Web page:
Julia told us to ask whether they had any pythons in the trash can. It seems that the enclosures housing rehabilitating flying foxes are just too tempting for the local python population, and it's not uncommon for a python to find a way into the enclosures or the Bat House building itself. When the staff and volunteers find an unwanted python guest, they maneuver it into a trash can for the day. At the end of the day when they're closing up shop, they drive the python-laden trash can a good distance into the surrounding rainforest and release it there.
So I asked about pythons in trash cans, and sure enough they had one that day. This beauty was estimated to be perhaps eight feet long by its captor (it was a large trash can). Perhaps it doesn't really count as a "wild herp" since it was currently being maintained in a trash can, but only for part of one day. Fortunately I had seen another Australian Scrub Python in the wild earlier in the day, so I didn't have to struggle with my conscience deciding whether to include this species on my website.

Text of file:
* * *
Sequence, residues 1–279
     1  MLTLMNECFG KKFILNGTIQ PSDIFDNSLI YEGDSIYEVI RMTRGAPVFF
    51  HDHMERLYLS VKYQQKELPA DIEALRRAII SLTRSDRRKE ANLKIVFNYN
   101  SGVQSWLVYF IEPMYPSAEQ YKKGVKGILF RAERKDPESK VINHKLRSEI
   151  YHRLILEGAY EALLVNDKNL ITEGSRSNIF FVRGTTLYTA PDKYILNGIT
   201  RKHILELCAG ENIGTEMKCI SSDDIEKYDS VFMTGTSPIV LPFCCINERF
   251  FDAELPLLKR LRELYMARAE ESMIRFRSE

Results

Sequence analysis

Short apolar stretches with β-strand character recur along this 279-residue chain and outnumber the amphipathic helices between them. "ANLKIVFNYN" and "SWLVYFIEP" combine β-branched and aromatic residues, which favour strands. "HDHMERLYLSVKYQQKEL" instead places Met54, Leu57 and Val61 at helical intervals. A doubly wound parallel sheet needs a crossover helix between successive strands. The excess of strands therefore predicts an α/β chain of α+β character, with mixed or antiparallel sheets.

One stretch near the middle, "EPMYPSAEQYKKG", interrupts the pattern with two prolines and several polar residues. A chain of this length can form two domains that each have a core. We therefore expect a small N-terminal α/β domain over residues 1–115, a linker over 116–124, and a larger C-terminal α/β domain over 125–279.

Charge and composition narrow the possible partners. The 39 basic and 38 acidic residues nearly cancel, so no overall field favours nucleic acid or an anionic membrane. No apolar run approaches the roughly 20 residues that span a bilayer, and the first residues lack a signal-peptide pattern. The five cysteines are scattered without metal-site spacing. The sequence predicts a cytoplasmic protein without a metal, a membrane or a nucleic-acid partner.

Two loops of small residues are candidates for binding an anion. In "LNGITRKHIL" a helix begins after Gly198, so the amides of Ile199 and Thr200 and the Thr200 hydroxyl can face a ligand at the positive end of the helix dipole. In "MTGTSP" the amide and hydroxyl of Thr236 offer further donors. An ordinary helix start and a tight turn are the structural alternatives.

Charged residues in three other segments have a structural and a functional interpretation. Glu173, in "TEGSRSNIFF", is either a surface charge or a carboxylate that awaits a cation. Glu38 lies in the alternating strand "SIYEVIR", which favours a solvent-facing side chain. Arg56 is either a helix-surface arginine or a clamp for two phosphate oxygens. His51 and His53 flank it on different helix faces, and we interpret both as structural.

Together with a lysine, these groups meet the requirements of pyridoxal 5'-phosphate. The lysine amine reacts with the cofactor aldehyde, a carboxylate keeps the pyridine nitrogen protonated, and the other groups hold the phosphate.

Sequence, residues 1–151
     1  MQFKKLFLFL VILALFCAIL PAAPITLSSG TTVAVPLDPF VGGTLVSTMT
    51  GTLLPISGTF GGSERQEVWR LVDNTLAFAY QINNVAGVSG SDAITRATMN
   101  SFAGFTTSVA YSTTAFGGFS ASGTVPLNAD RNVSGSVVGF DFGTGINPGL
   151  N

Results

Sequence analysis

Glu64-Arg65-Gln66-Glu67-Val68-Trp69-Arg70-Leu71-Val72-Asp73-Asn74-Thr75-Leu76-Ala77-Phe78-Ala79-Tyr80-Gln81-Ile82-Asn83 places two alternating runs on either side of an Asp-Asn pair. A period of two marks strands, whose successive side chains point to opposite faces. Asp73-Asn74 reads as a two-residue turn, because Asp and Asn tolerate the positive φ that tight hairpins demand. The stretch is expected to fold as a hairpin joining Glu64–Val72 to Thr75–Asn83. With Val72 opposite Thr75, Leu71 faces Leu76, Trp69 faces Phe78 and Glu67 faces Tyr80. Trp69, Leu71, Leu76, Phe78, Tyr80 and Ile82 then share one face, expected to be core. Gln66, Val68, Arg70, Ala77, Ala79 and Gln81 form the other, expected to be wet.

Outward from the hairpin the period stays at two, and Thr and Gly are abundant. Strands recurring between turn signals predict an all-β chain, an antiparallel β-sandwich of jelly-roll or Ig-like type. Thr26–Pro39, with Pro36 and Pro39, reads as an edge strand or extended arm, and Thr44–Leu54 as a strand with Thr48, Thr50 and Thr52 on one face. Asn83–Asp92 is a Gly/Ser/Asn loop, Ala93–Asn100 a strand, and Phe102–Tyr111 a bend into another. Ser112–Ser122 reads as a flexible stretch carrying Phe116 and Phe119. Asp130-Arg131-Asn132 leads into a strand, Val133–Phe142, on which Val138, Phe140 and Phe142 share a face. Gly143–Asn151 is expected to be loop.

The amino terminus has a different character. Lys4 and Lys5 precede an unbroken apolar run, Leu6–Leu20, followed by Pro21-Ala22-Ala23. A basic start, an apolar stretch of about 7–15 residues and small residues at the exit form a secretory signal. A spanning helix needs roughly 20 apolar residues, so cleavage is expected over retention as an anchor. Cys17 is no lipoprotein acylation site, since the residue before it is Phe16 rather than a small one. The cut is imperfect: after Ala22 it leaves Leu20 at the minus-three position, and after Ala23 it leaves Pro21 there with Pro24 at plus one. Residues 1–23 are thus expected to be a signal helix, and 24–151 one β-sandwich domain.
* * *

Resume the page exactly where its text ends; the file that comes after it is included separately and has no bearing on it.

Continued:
Australian Scrub Pythons are one of the largest snake species in the world, though really gigantic ones more than twenty feet long are rarely encountered these days. This one was perhaps ten feet long.
Here is a complete list of the reptiles and frogs I saw on this trip to Australia.
- Simalia kinghorni account on The Reptile Database
- Cogger, H. G. 2014. Reptiles & Amphibians of Australia, Seventh Edition
- Hoser, R. T. 1989. Australian Reptiles & Frogs
- Swan, G. 1995. A Photographic Guide to Snakes & Other Reptiles of Australia
- Wilson, S. K., Knowles, D. 1988. Australia's Reptiles: A Photographic Reference to the Terrestrial Reptiles of Australia